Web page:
Since I’ve written a couple of times about working on a shaving horse, I suppose I should post some examples of what I’ve been able to do on it. So far, two stools, functional and good-enough looking, and good projects for building skills.
For my first day working on a shaving horse out at Duke Homestead I just grabbed whatever potentially suitable wood I had lying around, which happened to be some pieces of Bradford pear and dogwood branches I’d trimmed the previous spring, still with bark on. The dogwood was easy enough to work, the pear considerably more challenging: not only is it harder wood, but none of the branches was straight, and each had side branches that had to be trimmed, leaving knots. Back home, after I built my own shaving horse and bought a spokeshave, I had another go at the pear branches. The tricky grain made a good exercise for learning to use the tools, and with considerable patience they turned out gorgeous. So I dug out a piece of butternut I’d bought years ago, cut it for a seat, and made a stool.
Pretty in a wonky sort of way, I think. The legs go all the way through the seats and are wedged in place. Since I was being traditional I finished it with boiled linseed oil, which was lovely for the pear. I’m less crazy about the butternut; where it grows (which is not here), the butternut is traditional for chair seats, and the color is nice, but the finish is a little dull. Still, it seems that Bradford pear trees are good for something after all, and when ours is finally ready to come down, it can be something more useful.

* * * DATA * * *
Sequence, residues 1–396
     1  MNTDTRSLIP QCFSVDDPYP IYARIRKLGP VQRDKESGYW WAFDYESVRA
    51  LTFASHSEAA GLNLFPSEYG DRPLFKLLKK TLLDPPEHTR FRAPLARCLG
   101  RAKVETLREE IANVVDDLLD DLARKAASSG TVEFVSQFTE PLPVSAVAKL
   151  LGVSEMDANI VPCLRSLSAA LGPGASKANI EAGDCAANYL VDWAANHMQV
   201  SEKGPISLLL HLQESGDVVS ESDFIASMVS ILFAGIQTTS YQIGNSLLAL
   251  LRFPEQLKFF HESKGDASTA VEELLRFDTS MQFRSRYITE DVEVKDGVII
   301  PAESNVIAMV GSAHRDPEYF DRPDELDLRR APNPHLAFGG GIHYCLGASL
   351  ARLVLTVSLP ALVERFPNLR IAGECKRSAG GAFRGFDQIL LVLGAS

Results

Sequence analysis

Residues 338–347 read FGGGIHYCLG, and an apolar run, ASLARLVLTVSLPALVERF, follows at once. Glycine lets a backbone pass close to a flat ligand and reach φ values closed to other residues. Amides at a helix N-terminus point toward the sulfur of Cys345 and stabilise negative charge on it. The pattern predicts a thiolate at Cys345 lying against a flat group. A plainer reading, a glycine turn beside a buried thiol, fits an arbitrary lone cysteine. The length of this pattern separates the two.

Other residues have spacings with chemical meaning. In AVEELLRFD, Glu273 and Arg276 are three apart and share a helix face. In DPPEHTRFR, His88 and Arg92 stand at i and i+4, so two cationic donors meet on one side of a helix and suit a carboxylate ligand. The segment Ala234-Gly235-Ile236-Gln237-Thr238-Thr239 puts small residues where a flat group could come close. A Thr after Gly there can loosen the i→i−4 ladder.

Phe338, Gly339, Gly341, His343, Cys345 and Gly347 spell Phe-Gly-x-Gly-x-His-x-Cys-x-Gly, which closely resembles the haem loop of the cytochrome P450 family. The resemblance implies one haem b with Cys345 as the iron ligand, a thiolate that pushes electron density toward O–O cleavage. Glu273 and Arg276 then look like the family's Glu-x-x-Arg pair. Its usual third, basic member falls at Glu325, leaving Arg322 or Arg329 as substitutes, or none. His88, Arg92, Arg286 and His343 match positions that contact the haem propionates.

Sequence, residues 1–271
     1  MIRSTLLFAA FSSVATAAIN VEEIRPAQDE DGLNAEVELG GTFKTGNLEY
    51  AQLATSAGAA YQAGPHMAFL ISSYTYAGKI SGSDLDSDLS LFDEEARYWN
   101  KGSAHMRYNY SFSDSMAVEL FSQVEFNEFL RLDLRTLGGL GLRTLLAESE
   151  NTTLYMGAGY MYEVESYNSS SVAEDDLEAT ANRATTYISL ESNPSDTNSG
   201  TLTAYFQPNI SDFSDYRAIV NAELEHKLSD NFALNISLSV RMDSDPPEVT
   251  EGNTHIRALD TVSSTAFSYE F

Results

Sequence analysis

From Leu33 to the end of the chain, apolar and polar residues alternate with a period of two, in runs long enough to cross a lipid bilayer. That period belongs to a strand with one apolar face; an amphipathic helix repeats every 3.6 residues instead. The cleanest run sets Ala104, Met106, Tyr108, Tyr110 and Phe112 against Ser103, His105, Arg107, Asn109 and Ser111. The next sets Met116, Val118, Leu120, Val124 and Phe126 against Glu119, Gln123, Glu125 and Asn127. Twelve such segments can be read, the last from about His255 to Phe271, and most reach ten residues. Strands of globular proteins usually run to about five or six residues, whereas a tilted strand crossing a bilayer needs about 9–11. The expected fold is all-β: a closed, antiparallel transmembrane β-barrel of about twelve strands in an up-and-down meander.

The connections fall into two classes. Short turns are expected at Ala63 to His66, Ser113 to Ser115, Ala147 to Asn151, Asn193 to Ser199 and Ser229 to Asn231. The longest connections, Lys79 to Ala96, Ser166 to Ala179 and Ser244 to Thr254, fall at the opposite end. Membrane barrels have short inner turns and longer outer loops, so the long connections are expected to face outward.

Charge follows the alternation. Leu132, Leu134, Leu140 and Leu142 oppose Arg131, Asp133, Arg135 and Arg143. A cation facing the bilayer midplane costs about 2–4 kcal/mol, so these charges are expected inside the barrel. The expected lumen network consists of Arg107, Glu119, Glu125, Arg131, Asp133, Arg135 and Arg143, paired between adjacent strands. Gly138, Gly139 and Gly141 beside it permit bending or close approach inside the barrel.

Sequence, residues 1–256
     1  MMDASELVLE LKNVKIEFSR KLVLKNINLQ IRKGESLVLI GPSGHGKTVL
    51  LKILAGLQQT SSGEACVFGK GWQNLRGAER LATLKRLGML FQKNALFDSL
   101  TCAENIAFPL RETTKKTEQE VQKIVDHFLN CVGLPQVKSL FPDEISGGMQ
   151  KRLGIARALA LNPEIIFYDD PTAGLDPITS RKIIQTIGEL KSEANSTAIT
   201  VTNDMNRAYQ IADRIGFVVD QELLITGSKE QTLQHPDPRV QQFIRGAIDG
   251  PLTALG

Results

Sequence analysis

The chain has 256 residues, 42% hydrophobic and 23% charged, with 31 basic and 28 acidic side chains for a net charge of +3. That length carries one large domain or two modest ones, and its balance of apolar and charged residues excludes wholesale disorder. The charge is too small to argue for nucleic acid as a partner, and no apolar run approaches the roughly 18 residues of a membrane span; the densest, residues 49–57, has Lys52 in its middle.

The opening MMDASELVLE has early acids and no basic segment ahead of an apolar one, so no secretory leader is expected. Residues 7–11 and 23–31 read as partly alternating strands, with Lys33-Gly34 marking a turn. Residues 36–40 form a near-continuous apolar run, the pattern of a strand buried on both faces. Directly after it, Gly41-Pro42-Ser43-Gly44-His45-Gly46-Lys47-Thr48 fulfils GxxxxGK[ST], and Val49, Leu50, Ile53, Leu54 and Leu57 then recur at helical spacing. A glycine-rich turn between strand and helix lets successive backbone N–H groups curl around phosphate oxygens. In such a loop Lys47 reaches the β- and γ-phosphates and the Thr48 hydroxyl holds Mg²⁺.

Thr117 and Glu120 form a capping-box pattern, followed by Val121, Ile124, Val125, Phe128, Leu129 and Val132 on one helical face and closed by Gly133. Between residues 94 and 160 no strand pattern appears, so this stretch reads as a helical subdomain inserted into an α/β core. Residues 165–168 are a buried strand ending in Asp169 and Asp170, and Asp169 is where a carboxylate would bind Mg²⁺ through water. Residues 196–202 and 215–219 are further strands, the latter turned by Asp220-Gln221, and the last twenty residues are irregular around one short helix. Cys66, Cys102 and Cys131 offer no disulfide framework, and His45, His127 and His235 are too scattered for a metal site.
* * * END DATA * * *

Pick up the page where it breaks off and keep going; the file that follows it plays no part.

Next, to try out some more complicated chair-making joinery, I built this stool out of poplar.
This is 8/4 and 5/4 sawn stock (for the legs and stretchers, respectively) and 4/4 stock for the seat. Traditionally, and properly, I’d split out billets from logs and shape them into chair or stool legs, but I don’t have a source for the wood at the moment, and I don’t have the tools for it. I’m working my way backwards, I suppose, from functional to properly done, which is more or less how I learned woodworking in the first place. And poplar isn’t the best wood for chairs, either, but while I’m learning I wanted inexpensive lumber.
I deliberately didn’t sand the legs and stretchers, just left them as I’d finished them with the spokeshave. I wasn’t good enough yet to get everything perfectly round and smooth and symmetrical; there’s an extent to which that gives the piece character, and then there’s an extent to which the one I’m working on now will be better. Sanding would be cheating, anyway.
So, still working on it. I may deserve the flames on the shaving horse soon. In the meantime, for inspiration (mine, if not yours) here’s Peter Galbert’s walnut stool.